So called “division orders”
After you have signed a lease, and after the driller has drilled a well and starts producing, the driller is supposed to start sending you royalties. That is what the lease says. But often the driller will send you something called a “Division Order” and ask you to sign it before they will start paying you the royalties.
To start with, a division order is neither a division of anything, nor any kind of court or administrative order. Your division/share is determined already by the title history. And no order has to take place before you get paid. The driller just wants you to sign it in case there is a law suit over how much you should be getting, and the driller can point to a signed division order and say, “See, the mineral owner agreed to the division of the royalty they should get.”
Some states allow drillers to require royalty recipients to sign division orders before receiving their royalties. Not so here in West Virginia. In fact there is a court case that says you do not have to sign and return a division order.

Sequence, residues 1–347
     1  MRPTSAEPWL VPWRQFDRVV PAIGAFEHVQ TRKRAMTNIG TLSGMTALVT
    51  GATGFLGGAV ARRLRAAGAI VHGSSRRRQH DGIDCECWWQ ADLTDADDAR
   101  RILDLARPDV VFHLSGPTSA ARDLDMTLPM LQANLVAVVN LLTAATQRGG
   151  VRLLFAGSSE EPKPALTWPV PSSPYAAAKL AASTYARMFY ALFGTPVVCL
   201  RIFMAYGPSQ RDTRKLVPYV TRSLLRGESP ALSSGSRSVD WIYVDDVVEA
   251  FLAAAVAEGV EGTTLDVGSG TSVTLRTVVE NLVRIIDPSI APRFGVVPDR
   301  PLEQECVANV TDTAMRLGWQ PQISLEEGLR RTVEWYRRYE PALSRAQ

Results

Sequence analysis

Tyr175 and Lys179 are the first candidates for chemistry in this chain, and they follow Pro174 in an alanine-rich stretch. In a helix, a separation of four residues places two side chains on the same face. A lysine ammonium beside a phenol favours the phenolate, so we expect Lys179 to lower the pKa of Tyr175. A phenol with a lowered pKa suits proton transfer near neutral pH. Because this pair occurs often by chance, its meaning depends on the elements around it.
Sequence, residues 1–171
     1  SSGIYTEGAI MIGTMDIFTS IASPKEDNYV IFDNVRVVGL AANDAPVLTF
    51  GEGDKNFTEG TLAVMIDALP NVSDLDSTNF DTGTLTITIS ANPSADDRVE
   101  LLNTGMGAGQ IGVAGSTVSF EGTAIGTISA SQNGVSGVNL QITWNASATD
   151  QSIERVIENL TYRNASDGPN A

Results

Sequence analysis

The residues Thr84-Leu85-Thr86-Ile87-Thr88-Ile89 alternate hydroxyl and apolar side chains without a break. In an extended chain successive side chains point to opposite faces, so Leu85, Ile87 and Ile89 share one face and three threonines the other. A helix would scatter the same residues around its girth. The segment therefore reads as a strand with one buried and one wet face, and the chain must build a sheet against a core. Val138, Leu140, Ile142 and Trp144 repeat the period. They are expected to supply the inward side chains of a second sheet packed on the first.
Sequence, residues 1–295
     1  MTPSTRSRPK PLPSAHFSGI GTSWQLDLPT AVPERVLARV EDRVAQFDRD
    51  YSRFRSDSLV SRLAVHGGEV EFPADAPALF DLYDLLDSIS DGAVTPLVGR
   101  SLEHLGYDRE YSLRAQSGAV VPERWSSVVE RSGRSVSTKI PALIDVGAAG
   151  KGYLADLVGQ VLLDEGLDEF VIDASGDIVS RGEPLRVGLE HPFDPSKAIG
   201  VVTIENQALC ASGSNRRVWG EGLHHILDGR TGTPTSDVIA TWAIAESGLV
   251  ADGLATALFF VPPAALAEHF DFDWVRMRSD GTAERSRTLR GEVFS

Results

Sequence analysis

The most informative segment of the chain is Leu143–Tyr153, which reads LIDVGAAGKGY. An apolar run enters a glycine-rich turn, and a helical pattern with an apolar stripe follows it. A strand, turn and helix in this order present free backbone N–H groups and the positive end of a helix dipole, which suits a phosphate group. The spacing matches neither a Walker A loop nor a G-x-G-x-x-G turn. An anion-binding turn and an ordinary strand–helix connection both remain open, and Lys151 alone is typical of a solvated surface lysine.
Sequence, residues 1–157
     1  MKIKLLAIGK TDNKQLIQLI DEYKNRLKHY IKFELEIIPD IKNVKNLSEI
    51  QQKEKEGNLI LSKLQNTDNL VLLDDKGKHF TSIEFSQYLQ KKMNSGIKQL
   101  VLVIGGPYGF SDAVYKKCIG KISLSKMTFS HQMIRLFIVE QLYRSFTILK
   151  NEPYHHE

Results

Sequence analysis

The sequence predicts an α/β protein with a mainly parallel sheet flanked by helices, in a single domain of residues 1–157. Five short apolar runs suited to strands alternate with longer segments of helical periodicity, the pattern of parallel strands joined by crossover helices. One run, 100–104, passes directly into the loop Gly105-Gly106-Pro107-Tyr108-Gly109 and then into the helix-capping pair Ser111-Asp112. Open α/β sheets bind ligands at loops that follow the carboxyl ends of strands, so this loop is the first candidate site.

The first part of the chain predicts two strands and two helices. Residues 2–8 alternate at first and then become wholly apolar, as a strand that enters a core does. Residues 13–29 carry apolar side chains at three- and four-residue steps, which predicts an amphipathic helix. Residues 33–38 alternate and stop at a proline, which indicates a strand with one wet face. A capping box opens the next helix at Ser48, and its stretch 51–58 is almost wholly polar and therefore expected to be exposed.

The problem is that some drillers will not start sending royalties unless you sign and return a division order they sent to you. Here is our advice if that happens to you:
First, read carefully through the document and scratch out anything you do not yourself know to be true. In particular the “decimal interest” number is something you are not going to know for yourself and you should scratch it out. (If 1 is the entire amount of gas produced, the decimal interest, “.12345” is your share of the royalty for the whole well or unit expressed as a decimal instead of a huge fraction.) Then sign it. Then make a copy/scan of it for your records. Then return it.
Second, if you still do not start getting royalties after sending back the scratched up copy, contact a lawyer familiar with oil and gas. You can file a lawsuit, and in the one mentioned above the judge even awarded the royalty owner’s attorney fees and costs for having to bring the lawsuit. We have a page with lawyers who may be willing to take such a case.